‘Olympic’ trademark leaves businesses in a bind


The Olympics movement has passed over Chicago, but it has left a lasting and unpleasant mark on George Tsoukas’ business.

He has owned a butcher shop for about 40 years. But a year or two ago, Olympic Meat Packers Inc. had to be renamed Olympia Meat Packers Inc. because federal law gives the U.S. Olympic Committee a trademark on the word “Olympic.”

Tsoukas, whose family is Greek, says he sometimes forgets and answers the phone with the old name.


“My customers, they hang up on me and they think it’s a different business,” he says. “I’m so used to ‘Olympic Meat’ . . . and it’s so hard for me to remember ‘Olympia.’ ”

The USOC enforces its exclusive rights to the word Olympic under the Ted Stevens Olympic and Amateur Sports Act of 1998. The law includes a clause explaining that businesses using the word Olympic before Sept. 21, 1950, are unaffected by the law.

“It’s our heritage. It’s our tradition,” said Tsoukas’ son, Nick, who manages the shop. “It comes from ancient Greece. . . . So I feel kind of like they’re taking that away from us. . . . I was really surprised that they were calling, and they demanded that we change our name.”

USOC spokeswoman Lindsay DeWall Hogan said the group depended on sponsors to generate revenue, and if American businesses were allowed to use the word Olympic without supporting the Olympic movement, the USOC’s partnership with its sponsors would be worth less. Without that revenue, Hogan said, the United States would be unable to field an Olympic team every two years.

Usually, she said, when the USOC enforces its rights against a business using Olympic, it’s because someone has brought that matter to the committee’s attention. She said allegations of infringement had come from Olympic athletes, sponsors, fans and the public.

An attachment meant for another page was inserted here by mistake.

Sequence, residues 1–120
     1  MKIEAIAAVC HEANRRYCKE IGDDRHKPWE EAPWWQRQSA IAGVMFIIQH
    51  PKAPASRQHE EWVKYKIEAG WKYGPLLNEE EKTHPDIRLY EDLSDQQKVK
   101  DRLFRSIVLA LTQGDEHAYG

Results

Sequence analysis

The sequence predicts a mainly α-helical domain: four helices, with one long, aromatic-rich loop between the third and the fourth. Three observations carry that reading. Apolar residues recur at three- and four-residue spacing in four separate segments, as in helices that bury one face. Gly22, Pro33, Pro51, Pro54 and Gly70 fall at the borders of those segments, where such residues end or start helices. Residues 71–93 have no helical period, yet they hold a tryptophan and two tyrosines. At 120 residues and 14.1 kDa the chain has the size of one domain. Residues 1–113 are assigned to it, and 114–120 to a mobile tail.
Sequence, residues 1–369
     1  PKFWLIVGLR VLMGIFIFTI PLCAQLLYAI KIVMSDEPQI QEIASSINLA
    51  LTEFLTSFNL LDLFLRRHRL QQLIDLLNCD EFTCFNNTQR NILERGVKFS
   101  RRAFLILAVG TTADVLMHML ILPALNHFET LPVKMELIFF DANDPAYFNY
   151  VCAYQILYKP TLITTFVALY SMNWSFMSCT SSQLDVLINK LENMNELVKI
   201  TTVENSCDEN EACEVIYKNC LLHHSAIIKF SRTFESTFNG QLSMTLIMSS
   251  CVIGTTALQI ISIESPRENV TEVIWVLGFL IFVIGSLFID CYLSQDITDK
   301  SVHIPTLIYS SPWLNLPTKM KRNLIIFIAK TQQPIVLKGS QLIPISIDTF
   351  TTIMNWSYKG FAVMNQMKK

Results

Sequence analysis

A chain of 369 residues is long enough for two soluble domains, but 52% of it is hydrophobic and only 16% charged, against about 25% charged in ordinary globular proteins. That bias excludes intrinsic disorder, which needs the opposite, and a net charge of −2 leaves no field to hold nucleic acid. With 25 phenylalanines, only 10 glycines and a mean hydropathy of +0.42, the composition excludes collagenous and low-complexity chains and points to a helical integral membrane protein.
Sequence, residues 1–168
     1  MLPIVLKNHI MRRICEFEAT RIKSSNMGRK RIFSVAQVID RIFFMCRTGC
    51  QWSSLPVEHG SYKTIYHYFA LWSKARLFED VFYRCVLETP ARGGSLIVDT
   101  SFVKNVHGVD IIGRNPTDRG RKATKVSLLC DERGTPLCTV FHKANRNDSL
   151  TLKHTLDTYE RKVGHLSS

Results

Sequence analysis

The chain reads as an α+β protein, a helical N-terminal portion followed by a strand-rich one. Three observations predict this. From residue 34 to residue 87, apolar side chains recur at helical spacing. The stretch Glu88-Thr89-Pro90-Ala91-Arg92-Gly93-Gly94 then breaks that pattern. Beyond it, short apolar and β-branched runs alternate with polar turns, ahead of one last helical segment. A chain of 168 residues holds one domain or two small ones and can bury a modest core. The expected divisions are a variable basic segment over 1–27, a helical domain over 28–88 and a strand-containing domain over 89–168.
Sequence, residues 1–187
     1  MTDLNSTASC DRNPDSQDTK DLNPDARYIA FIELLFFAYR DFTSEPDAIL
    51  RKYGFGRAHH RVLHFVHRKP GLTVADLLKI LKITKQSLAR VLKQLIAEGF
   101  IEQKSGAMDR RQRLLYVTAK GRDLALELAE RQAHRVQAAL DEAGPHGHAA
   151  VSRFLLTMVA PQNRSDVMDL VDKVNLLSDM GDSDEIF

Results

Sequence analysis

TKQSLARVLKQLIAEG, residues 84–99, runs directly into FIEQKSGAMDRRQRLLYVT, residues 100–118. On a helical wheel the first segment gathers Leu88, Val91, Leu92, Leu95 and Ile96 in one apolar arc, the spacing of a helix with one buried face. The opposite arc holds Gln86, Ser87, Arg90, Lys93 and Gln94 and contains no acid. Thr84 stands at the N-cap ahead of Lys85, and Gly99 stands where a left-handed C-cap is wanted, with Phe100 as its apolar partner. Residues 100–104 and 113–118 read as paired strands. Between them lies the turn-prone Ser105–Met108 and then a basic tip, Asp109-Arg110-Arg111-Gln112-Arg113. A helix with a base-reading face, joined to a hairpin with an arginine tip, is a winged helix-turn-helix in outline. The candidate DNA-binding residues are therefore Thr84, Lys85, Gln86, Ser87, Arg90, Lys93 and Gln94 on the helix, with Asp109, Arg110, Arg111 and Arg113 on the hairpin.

Michael Atkins, a Seattle trademark attorney who has advised small businesses in their tangles with the USOC, said the Olympic group should pick and choose its battles more carefully.

“It’s just not fair that the USOC can be casual about its demands when it has such a large impact on the business that has to change its name,” Atkins said.

Charna Halpern, founder of the comedy club iO Theater, which has locations in Chicago and Los Angeles, said the USOC told her several years ago that her original business name, Improv Olympic Theater, was causing confusion.

“Nobody was coming here to learn the javelin throw or the discus throw,” said Halpern, whose theater helped launch the careers of such celebrities as Amy Poehler, Mike Myers and Stephen Colbert. “Nobody came here thinking they were seeing the Olympics.”

But to avoid a lawsuit, Halpern changed the theater’s name to iO.

A Chicago trademark lawyer, David Donoghue, suggested that new businesses do a trademark search to avoid such problems.

But Nick Tsoukas said there was another way he and his father could have avoided letting a word synonymous with their Greek heritage cause problems.

“The ancient Greeks should’ve trademarked the name,” he joked.